Clinton, Giuliani lead in Florida

But especially among Republicans -- and with months to go -- other leaders could emerge.

By ADAM C. SMITH, Times Political Editor
Published May 13, 2007

Hillary Clinton and Rudy Giuliani are leading their closest presidential rivals 2-1 in Florida, the battleground state suddenly poised to have a major say in deciding the presidential nominees.

But a new St. Petersburg Times/Bay News 9 poll shows that despite their big leads -- Clinton tops the Democratic field by 23 percentage points, and Giuliani leads the GOP slate by 14 -- the frontrunners have not secured Florida's support nearly nine months before the primaries.

That's especially true for the GOP, where one in three Republicans is either undecided or supporting someone not yet in the race.

"On the Republican side, it's still wide open," said pollster Kellyanne Conway.

The survey found 29 percent of Florida Republican voters backing Giuliani, while John McCain and Mitt Romney were statistically tied at 15 percent and 14 percent respectively. Seventeen percent were undecided.

"You cannot make the argument that someone at 29 percent has locked up the nomination that's still months away," Conway said.

The Democratic primary also looks unpredictable, but the poll shows New York Sen. Clinton stronger in Florida than polls show her nationwide or in other key states. Among Democratic voters polled, 42 percent supported Clinton, 19 percent backed Illinois Sen. Barack Obama, 12 percent John Edwards and 17 percent were undecided.

"Hillary is very close to pulling this primary away," said pollster Tom Eldon, noting that even among African-American Florida Democrats Clinton had a comfortable lead over Obama.

The telephone survey of 901 voters was conducted May 6 to May 9 for the St. Petersburg Times and Bay News 9 from a list of registered Florida voters by Schroth, Eldon & Associates, whose clients are primarily Democrats, and the Polling Company, which mainly works with Republicans. The margin of error was plus or minus 3.5 percent overall, and 5 percent for the Democratic primary and 5.4 percent for the Republican primary.

The Republican contest is tighter in the bay area than statewide. Among Republicans in the region, Giuliani has 25 percent, followed by 19 percent for McCain. In Pinellas County, a bastion for moderate Republicans, McCain led Giuliani 26 percent to 18 percent.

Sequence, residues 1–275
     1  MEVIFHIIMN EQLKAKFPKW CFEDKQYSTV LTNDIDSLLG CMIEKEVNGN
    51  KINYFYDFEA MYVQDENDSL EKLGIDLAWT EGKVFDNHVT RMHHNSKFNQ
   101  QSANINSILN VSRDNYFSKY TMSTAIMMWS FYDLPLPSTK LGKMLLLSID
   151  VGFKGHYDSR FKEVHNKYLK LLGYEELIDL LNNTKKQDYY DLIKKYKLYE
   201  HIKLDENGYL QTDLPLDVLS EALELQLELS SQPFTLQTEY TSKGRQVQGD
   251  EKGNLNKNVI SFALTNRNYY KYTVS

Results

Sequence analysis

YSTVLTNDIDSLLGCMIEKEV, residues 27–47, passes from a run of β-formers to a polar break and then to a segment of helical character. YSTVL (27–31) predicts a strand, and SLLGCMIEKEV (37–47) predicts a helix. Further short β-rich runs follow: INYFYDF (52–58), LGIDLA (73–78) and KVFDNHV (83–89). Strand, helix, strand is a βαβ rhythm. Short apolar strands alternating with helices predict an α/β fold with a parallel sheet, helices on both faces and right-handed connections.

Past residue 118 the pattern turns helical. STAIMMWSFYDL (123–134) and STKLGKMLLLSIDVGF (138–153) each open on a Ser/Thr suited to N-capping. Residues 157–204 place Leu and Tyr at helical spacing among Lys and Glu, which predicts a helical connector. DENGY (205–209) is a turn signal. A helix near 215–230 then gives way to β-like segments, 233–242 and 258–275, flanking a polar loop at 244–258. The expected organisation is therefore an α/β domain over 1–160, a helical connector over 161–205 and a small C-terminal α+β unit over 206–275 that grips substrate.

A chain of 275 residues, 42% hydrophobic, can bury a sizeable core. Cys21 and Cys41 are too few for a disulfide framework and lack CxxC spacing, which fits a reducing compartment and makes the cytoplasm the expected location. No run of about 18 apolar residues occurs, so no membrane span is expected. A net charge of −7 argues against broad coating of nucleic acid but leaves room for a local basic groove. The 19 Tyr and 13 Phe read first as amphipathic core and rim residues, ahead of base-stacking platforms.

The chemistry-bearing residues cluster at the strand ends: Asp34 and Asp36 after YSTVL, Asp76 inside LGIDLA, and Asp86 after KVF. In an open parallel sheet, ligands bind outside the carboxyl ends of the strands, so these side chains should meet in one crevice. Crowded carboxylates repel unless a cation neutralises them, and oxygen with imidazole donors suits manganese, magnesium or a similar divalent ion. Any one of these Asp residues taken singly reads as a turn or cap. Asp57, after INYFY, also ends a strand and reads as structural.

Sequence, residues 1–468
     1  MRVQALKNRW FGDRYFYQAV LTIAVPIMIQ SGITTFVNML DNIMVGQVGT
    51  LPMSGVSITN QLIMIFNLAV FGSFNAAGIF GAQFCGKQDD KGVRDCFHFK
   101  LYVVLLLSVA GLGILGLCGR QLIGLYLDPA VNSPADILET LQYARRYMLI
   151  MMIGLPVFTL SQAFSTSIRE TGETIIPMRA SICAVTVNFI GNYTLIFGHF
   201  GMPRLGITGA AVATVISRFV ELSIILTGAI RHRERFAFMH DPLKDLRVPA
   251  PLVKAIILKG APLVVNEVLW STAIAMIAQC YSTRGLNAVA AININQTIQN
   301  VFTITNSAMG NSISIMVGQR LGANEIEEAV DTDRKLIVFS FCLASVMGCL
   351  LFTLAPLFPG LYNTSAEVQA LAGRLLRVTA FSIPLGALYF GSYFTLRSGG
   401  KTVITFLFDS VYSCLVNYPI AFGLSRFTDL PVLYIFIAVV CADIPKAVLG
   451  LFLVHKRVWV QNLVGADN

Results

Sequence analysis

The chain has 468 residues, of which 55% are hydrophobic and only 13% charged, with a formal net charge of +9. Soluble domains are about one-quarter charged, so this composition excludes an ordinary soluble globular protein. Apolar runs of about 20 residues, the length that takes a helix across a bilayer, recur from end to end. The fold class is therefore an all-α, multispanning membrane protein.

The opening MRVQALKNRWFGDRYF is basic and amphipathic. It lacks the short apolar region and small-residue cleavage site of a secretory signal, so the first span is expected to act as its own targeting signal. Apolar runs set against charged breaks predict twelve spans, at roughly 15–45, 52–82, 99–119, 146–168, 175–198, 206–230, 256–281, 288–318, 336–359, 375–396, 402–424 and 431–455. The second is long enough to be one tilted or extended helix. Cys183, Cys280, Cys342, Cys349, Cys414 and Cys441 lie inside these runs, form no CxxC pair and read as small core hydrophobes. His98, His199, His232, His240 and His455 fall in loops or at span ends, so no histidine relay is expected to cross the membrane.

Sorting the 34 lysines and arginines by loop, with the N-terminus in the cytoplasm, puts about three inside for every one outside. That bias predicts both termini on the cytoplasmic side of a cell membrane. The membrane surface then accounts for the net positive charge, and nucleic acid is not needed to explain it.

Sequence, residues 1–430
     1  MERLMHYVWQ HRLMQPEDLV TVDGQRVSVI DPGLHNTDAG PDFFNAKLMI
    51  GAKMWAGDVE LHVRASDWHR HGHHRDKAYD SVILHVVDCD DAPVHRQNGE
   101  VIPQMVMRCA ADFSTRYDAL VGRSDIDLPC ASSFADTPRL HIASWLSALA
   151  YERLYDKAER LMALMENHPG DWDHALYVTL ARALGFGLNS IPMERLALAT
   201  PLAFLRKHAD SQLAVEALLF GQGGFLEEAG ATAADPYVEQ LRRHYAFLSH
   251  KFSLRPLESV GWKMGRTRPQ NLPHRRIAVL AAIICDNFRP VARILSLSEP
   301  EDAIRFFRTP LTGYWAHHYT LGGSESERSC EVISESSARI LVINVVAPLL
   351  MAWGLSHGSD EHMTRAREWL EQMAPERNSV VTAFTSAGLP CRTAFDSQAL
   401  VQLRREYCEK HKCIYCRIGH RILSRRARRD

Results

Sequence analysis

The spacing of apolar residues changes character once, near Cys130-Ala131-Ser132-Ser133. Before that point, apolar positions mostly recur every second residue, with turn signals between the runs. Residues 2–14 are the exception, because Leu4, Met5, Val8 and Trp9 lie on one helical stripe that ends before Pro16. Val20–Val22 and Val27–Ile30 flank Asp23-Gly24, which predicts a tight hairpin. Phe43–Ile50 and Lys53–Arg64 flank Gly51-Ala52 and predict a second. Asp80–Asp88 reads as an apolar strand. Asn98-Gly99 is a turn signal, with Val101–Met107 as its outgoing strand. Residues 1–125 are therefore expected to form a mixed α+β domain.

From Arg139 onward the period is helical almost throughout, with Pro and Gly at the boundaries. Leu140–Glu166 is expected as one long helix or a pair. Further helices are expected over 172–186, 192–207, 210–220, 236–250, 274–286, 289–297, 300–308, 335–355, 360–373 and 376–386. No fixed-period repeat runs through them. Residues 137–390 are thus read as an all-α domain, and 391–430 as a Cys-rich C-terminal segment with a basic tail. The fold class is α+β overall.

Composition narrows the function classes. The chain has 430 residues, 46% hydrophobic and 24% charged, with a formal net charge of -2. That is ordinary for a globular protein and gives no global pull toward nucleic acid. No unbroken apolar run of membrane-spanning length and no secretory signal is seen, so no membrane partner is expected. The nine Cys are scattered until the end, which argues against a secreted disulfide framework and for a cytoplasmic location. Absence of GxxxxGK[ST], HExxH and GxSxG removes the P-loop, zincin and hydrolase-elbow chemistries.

In Hillsborough County, 31 percent of Republicans said they backed Giuliani, compared with 14 percent for McCain. One in four Hillsborough Republicans supported former Tennessee Sen. Fred Thompson, an actor who hasn't decided if he will run. Statewide, Thompson had 9 percent support, essentially the same as potential candidate Newt Gingrich.

"Fred Thompson's numbers make me think if anyone's going to catch fire, it's going to be him," Eldon said.

While nearly one in three Democrats were "very satisfied" with the field of candidates, only 15 percent of Republicans felt that way.

"I'm discouraged with what I see with the Republican ticket running for president," said Patricia Street, a 69-year-old hairdresser from St. Petersburg who is Republican. "I don't see any of them as strong, except for Fred Thompson."

The presidential campaign is under way earlier than ever before, and more than seven in 10 Florida voters said they already are following the race somewhat closely or very closely.

Florida stands to play a much greater role in the nominating process than it has in years past because state lawmakers moved the state's primary election from March to January 29. That makes Florida the first megastate to weigh in on the nominations, followed by some 20 states expected to vote on Feb. 5.

"Florida would be great to construct a few more private jet runways to accommodate all the activity you're going to get, " Conway said. "There is no presidential candidate of either political party who can write off Florida (in the primary) and pretend to be a serious contender."

But the path to overtaking the frontrunner looks tougher for the Democrats than the Republicans.

"I tell you, I've said for 20 years now, what this country needs is a woman president, and I still feel that way," said 70-year-old Bill Vierheller, a retired city employee in Clearwater.

Clinton's support among Democrats drops 9 percentage points in the conservative Panhandle, but she still leads the field in every region and demographic group, including Hispanic and African-American voters.

"Memo to Bill Richardson: You might want to remind people in Florida that you are Hispanic," Conway said of the New Mexico governor barely registering in the polls.

Edwards is stronger among white voters than other demographic groups, and Obama leads the field among voters under age 35. Young voters, though, often don't turn out in big numbers.

Among the Republicans, Giuliani is especially strong in South Florida, McCain is strongest in the Panhandle, with its heavy military concentration, and Romney is strongest in Central Florida.

Former Massachusetts Gov. Romney has been organizing a particularly aggressive Florida campaign for months, and this poll is the first to show him in position to pose a serious threat to the better known Giuliani and McCain.

Times staff writers Jennifer Liberto and Steve Bousquet contributed to this report. Adam C. Smith can be reached at (727)893-8241 or asmith@sptimes.com.